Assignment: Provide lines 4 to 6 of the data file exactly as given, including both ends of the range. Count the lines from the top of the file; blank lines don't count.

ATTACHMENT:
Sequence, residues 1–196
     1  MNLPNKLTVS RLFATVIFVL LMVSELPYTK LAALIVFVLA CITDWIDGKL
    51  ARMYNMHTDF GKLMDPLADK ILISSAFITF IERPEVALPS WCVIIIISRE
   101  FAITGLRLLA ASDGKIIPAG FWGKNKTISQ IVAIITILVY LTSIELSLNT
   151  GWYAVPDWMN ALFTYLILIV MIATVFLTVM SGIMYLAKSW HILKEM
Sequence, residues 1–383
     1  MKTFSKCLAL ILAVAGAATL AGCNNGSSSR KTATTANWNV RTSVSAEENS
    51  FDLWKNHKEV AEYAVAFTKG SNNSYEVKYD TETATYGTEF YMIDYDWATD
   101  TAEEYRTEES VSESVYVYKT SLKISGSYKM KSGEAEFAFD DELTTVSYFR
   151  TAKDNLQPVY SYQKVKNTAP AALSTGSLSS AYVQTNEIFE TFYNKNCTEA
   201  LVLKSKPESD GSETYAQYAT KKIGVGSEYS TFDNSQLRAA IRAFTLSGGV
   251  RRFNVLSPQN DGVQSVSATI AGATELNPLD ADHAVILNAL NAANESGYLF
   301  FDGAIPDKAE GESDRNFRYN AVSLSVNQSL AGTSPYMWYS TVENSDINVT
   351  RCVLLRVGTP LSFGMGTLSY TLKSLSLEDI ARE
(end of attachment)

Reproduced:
   101  FAITGLRLLA ASDGKIIPAG FWGKNKTISQ IVAIITILVY LTSIELSLNT
   151  GWYAVPDWMN ALFTYLILIV MIATVFLTVM SGIMYLAKSW HILKEM
Sequence, residues 1–383